• Levels of personal underemployment have decreased again slightly; in October 13% reported being personally underemployed in the previous month, compared to 16% in September.  

RIBA Head of Economic Research and Analysis, Adrian Malleson, said:   

“In the context of wider economic and political uncertainty – architects’ confidence in future workloads has continued to fall. Current workloads are just 92% of what they were a year ago.  

From planning delays to product cost inflation, PII cost and exclusions, and projects failing to progress past design stages as costs become clear, practices are grappling with persistent challenges.  

However, when comparing our current figures to previous downturns, one significant difference emerges: pessimism about future work has not resulted in widespread anticipation of staff losses. In our post-Brexit environment, qualified, talented architectural staff are hard to recruit and retain. So far practices are, overall, seeking to keep staff.  

Once again, our findings suggest the architects' market is entering a challenging period of contracting workloads. To mitigate a prolonged recession, the UK must invest in creating sustainable homes and infrastructure now. This will help to increase productivity and tackle the climate emergency head-on.  

We will continue to report these findings to the Government and work with other built environment bodies to monitor ongoing trends.”   


  1. Media contact:   
  2. Completed by a mix of small, medium and large firms based on a geographically representative sample, the RIBA Future Trends Survey was launched in January 2009 to monitor business and employment trends affecting the architects’ profession.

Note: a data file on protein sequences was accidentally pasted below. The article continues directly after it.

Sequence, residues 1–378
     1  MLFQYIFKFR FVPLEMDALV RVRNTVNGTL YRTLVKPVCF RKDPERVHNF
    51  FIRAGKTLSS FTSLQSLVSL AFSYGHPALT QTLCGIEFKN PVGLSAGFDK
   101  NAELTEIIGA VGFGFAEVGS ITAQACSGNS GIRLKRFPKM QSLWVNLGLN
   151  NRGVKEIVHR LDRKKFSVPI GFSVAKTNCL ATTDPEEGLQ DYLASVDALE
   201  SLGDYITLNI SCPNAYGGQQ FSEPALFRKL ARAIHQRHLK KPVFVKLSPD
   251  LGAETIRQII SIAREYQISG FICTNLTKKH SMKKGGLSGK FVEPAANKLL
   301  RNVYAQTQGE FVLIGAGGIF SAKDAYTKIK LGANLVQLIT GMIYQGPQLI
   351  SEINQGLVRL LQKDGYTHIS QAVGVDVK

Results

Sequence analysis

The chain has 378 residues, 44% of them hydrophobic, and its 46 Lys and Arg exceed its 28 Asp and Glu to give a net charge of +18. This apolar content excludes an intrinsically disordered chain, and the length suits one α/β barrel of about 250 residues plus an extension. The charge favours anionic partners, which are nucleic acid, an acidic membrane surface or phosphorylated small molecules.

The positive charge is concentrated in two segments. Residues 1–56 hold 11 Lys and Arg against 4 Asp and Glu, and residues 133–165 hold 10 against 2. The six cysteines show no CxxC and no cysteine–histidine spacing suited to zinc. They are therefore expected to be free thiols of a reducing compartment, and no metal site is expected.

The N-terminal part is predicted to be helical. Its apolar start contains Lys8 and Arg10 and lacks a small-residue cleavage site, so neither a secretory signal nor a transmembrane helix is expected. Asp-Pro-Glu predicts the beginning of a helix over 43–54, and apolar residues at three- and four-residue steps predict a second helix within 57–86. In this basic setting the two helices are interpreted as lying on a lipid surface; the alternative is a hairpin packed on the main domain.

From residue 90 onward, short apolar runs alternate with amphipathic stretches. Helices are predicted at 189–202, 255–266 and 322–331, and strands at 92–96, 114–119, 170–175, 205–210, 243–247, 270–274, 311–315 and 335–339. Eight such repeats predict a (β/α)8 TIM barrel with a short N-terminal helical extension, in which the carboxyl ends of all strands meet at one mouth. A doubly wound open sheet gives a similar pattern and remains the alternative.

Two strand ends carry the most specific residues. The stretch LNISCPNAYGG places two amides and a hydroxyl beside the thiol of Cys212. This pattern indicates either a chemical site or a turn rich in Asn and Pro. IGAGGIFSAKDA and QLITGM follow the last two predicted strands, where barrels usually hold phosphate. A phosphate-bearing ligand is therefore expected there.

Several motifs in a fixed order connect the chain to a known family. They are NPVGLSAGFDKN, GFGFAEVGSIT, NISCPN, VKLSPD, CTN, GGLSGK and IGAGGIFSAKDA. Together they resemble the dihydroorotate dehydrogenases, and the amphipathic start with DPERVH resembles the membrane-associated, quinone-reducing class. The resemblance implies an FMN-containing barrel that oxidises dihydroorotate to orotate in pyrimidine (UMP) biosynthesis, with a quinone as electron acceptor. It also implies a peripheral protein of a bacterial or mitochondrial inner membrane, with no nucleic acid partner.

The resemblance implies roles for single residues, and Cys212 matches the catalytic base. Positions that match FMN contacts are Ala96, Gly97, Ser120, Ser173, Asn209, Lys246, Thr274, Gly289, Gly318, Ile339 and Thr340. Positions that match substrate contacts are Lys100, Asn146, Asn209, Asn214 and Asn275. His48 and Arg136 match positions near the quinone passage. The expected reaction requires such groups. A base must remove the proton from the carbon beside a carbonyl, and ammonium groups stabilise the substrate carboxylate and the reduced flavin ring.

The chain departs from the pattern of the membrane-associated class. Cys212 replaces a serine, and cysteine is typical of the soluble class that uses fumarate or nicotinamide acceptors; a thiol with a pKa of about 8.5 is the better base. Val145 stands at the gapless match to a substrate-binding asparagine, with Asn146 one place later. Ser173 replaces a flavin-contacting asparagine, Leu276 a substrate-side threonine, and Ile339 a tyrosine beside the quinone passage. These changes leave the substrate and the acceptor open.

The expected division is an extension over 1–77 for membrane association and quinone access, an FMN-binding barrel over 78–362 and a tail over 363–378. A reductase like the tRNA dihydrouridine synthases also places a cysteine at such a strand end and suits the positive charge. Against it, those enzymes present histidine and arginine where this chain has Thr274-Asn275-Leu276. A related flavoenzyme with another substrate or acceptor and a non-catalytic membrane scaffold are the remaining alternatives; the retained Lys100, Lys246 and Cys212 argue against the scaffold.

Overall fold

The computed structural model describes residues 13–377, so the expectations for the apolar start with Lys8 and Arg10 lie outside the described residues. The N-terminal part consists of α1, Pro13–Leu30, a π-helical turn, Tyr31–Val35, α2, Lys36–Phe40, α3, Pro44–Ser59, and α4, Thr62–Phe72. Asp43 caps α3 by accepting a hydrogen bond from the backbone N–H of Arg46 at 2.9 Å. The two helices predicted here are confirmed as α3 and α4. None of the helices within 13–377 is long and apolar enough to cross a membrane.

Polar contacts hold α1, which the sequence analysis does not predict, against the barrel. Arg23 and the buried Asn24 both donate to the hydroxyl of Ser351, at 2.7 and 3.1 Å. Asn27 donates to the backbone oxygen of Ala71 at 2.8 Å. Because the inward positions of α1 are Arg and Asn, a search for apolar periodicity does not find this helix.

3. 226 practices took part in the October 2022 survey.   
  4. The survey is carried out by the RIBA in partnership with the Fees Bureau. Results of the survey, including a full graphical analysis, are published each month here.  
  5. The definition for the workload balance figure is the difference between those expecting more work and those expecting less. A negative figure means more respondents expect less work than those expecting more work. This figure is used to represent the RIBA Future Trends workload index.  
  6. The definition for the staffing balance figure is the difference between those expecting to employ more permanent staff in the next three months and those expecting to employ fewer. A negative figure means more respondents expect to employ fewer permanent staff. This figure is used to represent the RIBA Future Trends staffing index.  
  7. To participate in the RIBA Future Trends Survey, please contact the RIBA Practice Department on 020 7307 3749 or email The survey takes approximately five minutes to complete each month, and all returns are independently processed in strict confidence.  
  8. The Royal Institute of British Architects (RIBA) is a global professional membership body that serves its members and society in order to deliver better buildings and places, stronger communities and a sustainable environment. Follow @RIBA on Twitter for regular updates.